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IMP as a racing yacht, date unknown.


Vessel Number: HV000564
Date: 1886
Vessel Dimensions: 6.4 m x 6.4 m x 2.84 m x 0.84 m (21 ft x 21 ft x 9.33 ft x 2.75 ft)
Classification:Vessels and fittings
IMP is one of the fleet of 21 Foot Class yachts that raced in Tasmania in the 1880s through to the early 1900s. It was launched as a centreboard yacht and raced for many seasons until it was converted to motor launch. It had a successful racing history on the Derwent River and was one of the founding yachts of the Derwent Sailing Boat Club, which became the Royal Yacht Club of Tasmania. IMP is one of Tasmania’s oldest surviving yachts.
DescriptionIMP was launched as CLARETTA in Hobart in November 1886, having been built at Battery Point by James Davey for Alfred J. Mitchell of the Derwent Sailing Boat Club. It was 21ft. (6.4m) on the waterline (the maximum allowed for the 21 Foot Class) and with a plumb stem and stern it was also 21 feet overall. The hull was planked in Huon pine to the waterline with New Zealand kauri pine topsides. James Davey is acknowledged as a part owner of the CLARETTA in most newspaper accounts during its first two seasons of racing and he was also noted as the designer of a new 28-footer built by Frederick Shea of Battery Point in 1889.

CLARETTA’s first race was at the opening of the annual yachting season on 27 November 1886. Its early racing record was not particularly impressive until it won a few Derwent Sailing Boat Club races in February and March 1887.

Edwin H. Webster is first recorded as CLARETTA’s new owner at the Southport Regatta on 27 December 1888, and by early the following month the vessel had been renamed IMP. Under Webster it became a much more successful racing yacht and possibly the most successful 21-footer before new larger boats that were 21ft. waterline but had overhanging stems and sterns began to appear in larger numbers during the 1890s. IMP’s first season under Webster’s ownership included seven wins, a second place and two third places in ten starts and it won £70 in prize money. It was racing well enough for Webster to consider a challenge race with the Moore brothers Launceston yacht ROSETTA provided that it was held in Hobart, but this did not take place. IMP retired from racing in the 1892-93 season, and was refitted as a lug-rigged cruiser, but Webster then raced it again in the following season with moderate success.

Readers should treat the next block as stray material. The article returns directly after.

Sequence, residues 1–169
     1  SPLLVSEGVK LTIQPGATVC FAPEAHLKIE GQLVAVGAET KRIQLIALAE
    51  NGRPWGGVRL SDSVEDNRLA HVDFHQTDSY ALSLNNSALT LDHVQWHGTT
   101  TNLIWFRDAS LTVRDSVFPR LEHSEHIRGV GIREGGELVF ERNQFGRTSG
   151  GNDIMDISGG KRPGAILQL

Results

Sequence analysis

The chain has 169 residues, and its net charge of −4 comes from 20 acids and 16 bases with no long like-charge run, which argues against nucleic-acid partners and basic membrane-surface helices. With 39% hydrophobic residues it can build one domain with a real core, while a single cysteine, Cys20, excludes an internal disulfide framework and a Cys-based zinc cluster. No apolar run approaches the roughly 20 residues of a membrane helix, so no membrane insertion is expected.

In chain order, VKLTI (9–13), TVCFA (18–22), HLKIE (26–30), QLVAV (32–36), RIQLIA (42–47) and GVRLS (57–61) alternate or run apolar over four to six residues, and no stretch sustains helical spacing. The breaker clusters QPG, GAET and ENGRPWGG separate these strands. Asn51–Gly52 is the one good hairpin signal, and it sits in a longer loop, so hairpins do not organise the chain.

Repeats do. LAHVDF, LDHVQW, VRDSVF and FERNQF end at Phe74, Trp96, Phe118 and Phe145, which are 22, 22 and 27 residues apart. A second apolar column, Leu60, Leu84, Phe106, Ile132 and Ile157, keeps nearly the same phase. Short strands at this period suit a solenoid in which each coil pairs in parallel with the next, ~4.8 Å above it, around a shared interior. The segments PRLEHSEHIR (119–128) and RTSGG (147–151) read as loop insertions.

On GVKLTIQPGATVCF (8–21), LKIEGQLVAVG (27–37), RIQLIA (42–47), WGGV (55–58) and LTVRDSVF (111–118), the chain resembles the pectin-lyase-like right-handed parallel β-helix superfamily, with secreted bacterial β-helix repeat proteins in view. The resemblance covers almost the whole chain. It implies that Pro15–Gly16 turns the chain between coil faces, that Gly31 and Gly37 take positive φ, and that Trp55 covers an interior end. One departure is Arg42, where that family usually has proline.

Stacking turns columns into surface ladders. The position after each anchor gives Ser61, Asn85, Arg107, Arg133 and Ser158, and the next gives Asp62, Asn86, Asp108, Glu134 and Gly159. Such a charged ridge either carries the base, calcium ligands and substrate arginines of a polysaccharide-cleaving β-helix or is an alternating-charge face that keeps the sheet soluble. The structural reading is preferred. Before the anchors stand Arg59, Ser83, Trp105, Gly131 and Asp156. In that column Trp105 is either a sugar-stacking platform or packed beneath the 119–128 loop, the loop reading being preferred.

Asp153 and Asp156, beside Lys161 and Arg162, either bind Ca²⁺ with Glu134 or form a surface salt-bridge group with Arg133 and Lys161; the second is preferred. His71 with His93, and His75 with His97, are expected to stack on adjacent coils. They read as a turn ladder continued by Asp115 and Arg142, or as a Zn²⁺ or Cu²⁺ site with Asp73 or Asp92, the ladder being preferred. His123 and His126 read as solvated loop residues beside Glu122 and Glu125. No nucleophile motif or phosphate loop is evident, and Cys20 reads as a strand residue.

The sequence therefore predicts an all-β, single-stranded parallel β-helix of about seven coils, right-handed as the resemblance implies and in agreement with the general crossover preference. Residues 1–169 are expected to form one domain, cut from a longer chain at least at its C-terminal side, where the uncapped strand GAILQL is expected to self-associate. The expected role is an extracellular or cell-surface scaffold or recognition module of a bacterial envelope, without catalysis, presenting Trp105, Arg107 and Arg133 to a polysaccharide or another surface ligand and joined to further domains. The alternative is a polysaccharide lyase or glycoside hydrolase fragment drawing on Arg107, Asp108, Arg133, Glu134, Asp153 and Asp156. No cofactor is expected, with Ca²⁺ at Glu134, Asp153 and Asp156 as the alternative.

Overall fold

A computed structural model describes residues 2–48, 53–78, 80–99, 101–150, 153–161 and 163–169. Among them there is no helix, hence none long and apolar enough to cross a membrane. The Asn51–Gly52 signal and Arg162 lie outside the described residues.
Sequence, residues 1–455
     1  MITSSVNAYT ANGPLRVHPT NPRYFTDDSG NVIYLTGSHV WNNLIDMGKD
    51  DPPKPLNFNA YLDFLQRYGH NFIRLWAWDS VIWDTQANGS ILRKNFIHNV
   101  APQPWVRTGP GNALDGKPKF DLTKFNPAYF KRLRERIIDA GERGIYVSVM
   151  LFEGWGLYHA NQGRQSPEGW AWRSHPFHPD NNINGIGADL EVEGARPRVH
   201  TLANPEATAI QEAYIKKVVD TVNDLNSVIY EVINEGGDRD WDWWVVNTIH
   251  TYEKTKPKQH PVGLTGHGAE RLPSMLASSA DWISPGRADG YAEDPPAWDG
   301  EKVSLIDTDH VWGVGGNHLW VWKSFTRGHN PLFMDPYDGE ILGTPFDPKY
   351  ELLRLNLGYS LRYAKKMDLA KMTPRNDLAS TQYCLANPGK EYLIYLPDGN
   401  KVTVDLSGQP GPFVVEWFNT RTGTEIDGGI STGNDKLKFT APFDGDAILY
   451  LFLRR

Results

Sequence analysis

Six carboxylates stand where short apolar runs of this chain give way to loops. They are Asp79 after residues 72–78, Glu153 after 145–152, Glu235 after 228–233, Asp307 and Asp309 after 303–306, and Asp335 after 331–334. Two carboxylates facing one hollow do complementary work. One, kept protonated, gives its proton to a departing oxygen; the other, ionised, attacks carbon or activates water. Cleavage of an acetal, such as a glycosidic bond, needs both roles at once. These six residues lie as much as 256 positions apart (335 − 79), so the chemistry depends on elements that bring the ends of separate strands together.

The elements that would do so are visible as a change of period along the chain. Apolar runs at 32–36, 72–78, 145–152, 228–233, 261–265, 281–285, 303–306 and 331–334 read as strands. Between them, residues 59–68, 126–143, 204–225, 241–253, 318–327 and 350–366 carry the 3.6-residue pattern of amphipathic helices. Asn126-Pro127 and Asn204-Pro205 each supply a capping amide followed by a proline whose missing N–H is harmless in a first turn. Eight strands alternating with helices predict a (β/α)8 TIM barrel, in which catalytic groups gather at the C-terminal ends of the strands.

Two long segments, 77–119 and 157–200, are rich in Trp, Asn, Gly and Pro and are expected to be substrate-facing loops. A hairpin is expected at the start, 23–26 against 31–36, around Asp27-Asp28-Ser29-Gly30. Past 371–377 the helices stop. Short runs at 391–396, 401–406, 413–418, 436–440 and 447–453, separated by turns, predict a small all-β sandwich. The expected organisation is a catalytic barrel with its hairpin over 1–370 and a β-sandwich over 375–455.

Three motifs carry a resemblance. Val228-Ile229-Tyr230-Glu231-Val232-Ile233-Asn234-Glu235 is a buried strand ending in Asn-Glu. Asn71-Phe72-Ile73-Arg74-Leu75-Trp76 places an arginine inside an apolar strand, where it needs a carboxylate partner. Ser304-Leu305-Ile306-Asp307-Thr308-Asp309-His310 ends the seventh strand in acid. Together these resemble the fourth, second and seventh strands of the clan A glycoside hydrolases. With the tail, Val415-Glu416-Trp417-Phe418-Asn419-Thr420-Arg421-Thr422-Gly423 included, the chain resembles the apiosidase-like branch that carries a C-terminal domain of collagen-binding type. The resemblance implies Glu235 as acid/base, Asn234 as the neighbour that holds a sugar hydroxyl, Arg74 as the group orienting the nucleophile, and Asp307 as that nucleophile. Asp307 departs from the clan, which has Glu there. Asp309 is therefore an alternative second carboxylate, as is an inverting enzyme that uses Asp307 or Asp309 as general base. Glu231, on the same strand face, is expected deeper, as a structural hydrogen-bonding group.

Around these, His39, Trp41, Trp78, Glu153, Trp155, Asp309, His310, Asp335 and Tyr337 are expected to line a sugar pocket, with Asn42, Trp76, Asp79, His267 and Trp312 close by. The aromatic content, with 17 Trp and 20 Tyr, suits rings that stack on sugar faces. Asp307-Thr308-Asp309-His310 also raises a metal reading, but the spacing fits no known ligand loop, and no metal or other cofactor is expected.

On 22 June 1894 Webster either auctioned or raffled IMP at the Derwent Yacht Club’s rooms at the Masonic Hall and the new owner was J. McGrath of Spring Bay. There is no record of McGrath using IMP over the short period he owned it, because by the opening of the yachting season on 3 November 1894 it was owned by L. R. Rex. Early in the 1895-96 yachting season Rex sold IMP back to Webster, who raced IMP again until it was sold at auction on 1 October 1896 to R. R. Rex for £27 and its dinghy sold for a further £5 2/2. R. R. Rex (related to LR Rex) may have been acting as agent as very soon after Timothy Julian Haywood of Bellerive, the Hobart City organist, was owner. Haywood raced IMP with some success, and on a few occasions it was helmed by E. H. Webster. On 28 February 1898 IMP collided with the yacht TURK at Kangaroo Bay and was dismasted. Haywood sold IMP to the O’May Brothers in August 1898, and it then raced with the Bellerive Sailing Club.

In July 1899 Harry O’May sold IMP to Mr. Timbs of Strahan. IMP was presumably taken to Strahan as deck cargo by one of the regular steamers. IMP was run down by the SS MAHINAPUA on 2 November 1899 and suffered considerable damage, but was racing again before the end of the month. In December 1900 a yacht club was formed at Kelly’s Basin on Macquarie Harbour and it continued to race there with other craft from Hobart.

IMP is last reported in the press after hitting a reef and sinking in shallow water at Sapphire Point on Macquarie Harbour on 19 June 1934. By this time it had been rebuilt as a motor launch, possibly early in the 1900s. It was refloated and towed to a slipway for repairs, and continued as a launch owned by GH Rayner. It was understood to have been used as an ambulance between Kelly Basin and Strahan prior to 1976 and in 2011 was known to be afloat and moored at Strahan. In 2013 IMP is stored ashore, with deckhouse and other additions removed, ready for restoration at Kettering.

Vessel Details
Cabin or superstructure material and construction:timber planked
Cabin or superstructure material and construction:timber plywood
Current status:non-operational
Current status:outside
Deck layout:cabin
Deck layout:decked with cockpit
Deck material and construction:timber planked
Hand propulsion/steering mechanism:tiller
Hull material and construction:batten seam
Hull material and construction:carvelcarvel-planked
Hull material and construction:timber
Hull shape:monohull
Hull shape:plumb stemvertical stem
Hull shape:plumb transomvertical transom
Hull shape:round bottom
Keel/centreboard/rudder type:pivoting centreboardswing board
Keel/centreboard/rudder type:transom rudder
Motor propulsion:auxiliary motor
Motor propulsion:inboard
Motor propulsion:petrol
Rig type:cutter
Rig type:gaff
Additional Titles

Primary title: Imp

Secondary title: Claretta

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